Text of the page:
- Russia’s President Vladimir Putin has declared a state of emergency in the affected region in northern Siberia. But the leak is now a huge threat to the Arctic environment and will likely inflict significant damage.
- Oil in the Arctic marine ecosystem originates mainly from two sources: drilling activity and oil spills during transportation.
The potential damage of this oil leak on the ecosystem is
- Drilling activity in the Arctic causes long-term harm and thus chronic effects on Arctic marine ecosystems. The local ecosystem sustains damage as there are notable changes in species composition, dominance and biomass, made even worse by oil spills.
- This chasing of fossil fuel and exploration in the ecologically sensitive Arctic region – whether it originates from shipping activities or drilling activity – destroys all aspects of the environmental integrity of the marine ecosystems including fisheries, marine mammals, corals, ocean and shorebirds, and the coastal wildlife. This hurts the growth and reproduction of the native species and also leads to behavioural changes seen reflected in the feeding, activity and motility, avoidance reactions etc of the marine birds and animals.
- The oil spill will disturb the Arctic food chain for decades, rather forever. Oil spills in ice are more complicated to deal with than oil spills in open waters. Especially in the marginal ice zone, during the high production period, the impacts of oil on these highly sensitive shallow waters could hurt the prospects of survival of the organisms of all levels of the Arctic food chain.
- We cannot even hope that time will heal the damage. On these near-zero temperatures, the slow rate of biological degradation of oil means that oil spills in the Arctic Ocean might remain there for periods of 50 years or more, feel marine biologists.
- Unlike oil spills on open water ecosystems, the effect of oil in ice-covered environments may be more devastating to the ice biodiversity, particularly as oil tends to become trapped between glaciers, and within channels in the ice. This may prolong the degradation time of the oil and meanwhile increase the contamination time in such a manner that even after several years of an oil accident, the recovery process of the ecosystem may still be incomplete and, in the worst case, may not ever reach the original state.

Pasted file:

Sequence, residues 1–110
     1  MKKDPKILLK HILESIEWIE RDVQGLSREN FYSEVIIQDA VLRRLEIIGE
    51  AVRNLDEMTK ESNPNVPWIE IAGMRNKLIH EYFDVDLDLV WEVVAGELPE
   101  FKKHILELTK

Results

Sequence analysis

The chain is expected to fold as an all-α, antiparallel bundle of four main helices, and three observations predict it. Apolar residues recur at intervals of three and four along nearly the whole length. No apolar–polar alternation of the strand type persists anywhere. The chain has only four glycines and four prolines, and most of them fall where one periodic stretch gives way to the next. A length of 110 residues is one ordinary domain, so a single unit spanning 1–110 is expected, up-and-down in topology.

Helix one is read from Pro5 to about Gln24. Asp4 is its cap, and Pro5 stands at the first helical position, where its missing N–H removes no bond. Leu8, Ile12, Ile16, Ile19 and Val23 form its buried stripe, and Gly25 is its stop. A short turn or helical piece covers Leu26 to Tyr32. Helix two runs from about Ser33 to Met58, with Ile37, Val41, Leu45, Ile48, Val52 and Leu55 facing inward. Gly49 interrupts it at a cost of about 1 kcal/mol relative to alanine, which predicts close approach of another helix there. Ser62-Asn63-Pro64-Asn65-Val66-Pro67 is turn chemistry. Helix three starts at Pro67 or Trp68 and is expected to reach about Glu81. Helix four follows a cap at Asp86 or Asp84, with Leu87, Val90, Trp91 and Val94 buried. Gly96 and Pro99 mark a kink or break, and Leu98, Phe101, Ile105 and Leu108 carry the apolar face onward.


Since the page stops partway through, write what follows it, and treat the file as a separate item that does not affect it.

New Zealand now has a 95% chance of eliminating coronavirus
Since all people are scared by this word Corona and also the superspreading virus has no limits. Here I come with a brand new update but a decent one. New Zealand is on the verge of eradicating the virus from its shores after it notched a 15th straight day with no reported new infections. Only one person has the virus out of a population of 5 million. However, it remains likely that the country will see new cases once it reopens its borders.
The country has already lifted many of its virus restrictions and will remove most of these that remain, including limiting crowd sizes, next week. Just over 1,500 people have contracted the virus during the outbreak, including 22 who died. The total number of cases stands at 1,504 with 22 deaths. The country is set to lift COVID-19 restrictions now.
There is still a small chance of undetected cases, and that we know that COVID-19 is passed on at superspreading events. New Zealand is now preparing to relax its COVID-19 restrictions to alert level 1, which would end physical distancing and size restrictions on gatherings. But our modelling suggests removing limits on large gatherings will increase the risk of a very large new outbreak from 3% to 8%. To fight back this risk, New Zealanders will have to continue avoiding the three Cs of a possible infection: closed spaces, crowded places and close contact.
As we know half of New Zealand’s economy is based on tourism and exports. These both sectors are largely affected by the ongoing pandemic. Tourism is a sector which can’t restart before this pandemic gets over at the global level. The people travelling to New Zealand will be a threat to it now as they can be the carriers of Covid-19. On the other hand exports of Dairy products, meat, logs and wood products, fruit, machinery and equipment, wine, fish and seafood are also affected to China, EU and USA. Milk powder, butter, and cheese are New Zealand’s largest exports, followed by meat and edible offal. The exports are only to a level of 1/4th and this has affected the economy and people engaged in the Industry largely. Though the restrictions are being eased out, still precautions need to be taken as the virus have records of rebirth and the problem is not over yet. No country is self-reliant and there is always a chance of transmission of the virus. New Zealand has been successful in fighting against the virus and now its time to celebrate but with some precautions.